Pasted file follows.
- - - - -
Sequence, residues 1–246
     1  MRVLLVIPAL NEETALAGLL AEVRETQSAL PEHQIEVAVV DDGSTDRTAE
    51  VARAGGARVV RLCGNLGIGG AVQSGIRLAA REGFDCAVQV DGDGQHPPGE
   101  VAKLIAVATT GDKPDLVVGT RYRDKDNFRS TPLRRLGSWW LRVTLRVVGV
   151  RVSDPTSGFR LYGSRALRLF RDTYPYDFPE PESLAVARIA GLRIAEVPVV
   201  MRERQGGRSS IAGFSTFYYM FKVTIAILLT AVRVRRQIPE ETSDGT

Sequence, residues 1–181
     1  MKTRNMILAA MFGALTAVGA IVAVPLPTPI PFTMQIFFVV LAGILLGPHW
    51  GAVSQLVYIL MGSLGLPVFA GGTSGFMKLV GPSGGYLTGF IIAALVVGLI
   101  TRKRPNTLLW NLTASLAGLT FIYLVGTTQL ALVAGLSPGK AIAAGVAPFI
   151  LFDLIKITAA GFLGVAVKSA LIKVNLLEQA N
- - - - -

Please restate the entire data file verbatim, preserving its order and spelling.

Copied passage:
Sequence, residues 1–246
     1  MRVLLVIPAL NEETALAGLL AEVRETQSAL PEHQIEVAVV DDGSTDRTAE
    51  VARAGGARVV RLCGNLGIGG AVQSGIRLAA REGFDCAVQV DGDGQHPPGE
   101  VAKLIAVATT GDKPDLVVGT RYRDKDNFRS TPLRRLGSWW LRVTLRVVGV
   151  RVSDPTSGFR LYGSRALRLF RDTYPYDFPE PESLAVARIA GLRIAEVPVV
   201  MRERQGGRSS IAGFSTFYYM FKVTIAILLT AVRVRRQIPE ETSDGT

Sequence, residues 1–181
     1  MKTRNMILAA MFGALTAVGA IVAVPLPTPI PFTMQIFFVV LAGILLGPHW
    51  GAVSQLVYIL MGSLGLPVFA GGTSGFMKLV GPSGGYLTGF IIAALVVGLI
   101  TRKRPNTLLW NLTASLAGLT FIYLVGTTQL ALVAGLSPGK AIAAGVAPFI
   151  LFDLIKITAA GFLGVAVKSA LIKVNLLEQA N